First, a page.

Annaliese Fitzsimmons

Annaliese Fitzsimmons

I am a junior double-majoring in civil engineering and environment and natural resources with a minor in the Honors Program. I grew up in a small town in northern Wyoming called Greybull. I came to UW to study engineering because I was interested in working in a STEM field that would get me out in the field and working collaboratively with people in other fields. I care a great deal about outreach because I understand how important outreach like this can be. I became interested in engineering and UW through an engineering outreach event hosted at UW by the College of Engineering, so programs such as this one allow me to introduce engineering to someone else like it was introduced to me.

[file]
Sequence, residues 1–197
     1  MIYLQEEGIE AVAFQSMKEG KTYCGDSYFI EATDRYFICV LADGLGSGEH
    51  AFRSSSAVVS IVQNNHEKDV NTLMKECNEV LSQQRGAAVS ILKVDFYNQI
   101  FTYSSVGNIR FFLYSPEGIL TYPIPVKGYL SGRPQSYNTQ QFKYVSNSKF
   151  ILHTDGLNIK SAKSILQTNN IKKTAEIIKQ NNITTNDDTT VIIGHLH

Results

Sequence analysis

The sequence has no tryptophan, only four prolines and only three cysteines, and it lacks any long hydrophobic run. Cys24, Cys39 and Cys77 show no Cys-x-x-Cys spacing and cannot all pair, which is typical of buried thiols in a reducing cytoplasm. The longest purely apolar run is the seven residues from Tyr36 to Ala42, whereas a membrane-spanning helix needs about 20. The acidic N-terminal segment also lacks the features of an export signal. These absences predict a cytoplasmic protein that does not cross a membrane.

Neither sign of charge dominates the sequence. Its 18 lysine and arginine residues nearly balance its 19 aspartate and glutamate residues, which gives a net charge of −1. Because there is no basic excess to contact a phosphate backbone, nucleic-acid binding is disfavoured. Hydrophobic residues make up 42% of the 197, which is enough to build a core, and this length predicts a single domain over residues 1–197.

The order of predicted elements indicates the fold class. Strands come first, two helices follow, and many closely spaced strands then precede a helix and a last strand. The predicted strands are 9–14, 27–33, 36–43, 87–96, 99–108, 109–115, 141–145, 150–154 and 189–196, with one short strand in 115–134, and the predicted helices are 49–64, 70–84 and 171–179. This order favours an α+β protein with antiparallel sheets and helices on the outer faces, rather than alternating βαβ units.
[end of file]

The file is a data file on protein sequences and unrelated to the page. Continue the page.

Moriah Miller

Moriah Miller

I am a junior studying computer science and business. I am studying computer science because not only is there such a huge demand for computer scientists but because it is an area of study that can be applied in almost any field. I care a lot about K-12 outreach primarily because I didn’t truly understand the meaning of engineering until I was in eight grade and took my first actual engineering course. Had I been exposed to engineering at a younger age I could have learned so much more and been very confident in my career path. I think it is really important for youth, especially young women, to learn that engineering has endless opportunities and opens countless doors, and that it can be fun! I look forward to travelling to new schools and showing K-12 children that engineering is for everyone and versatile through super fun activities!

 


Aisha Mohammed

Aisha Mohammed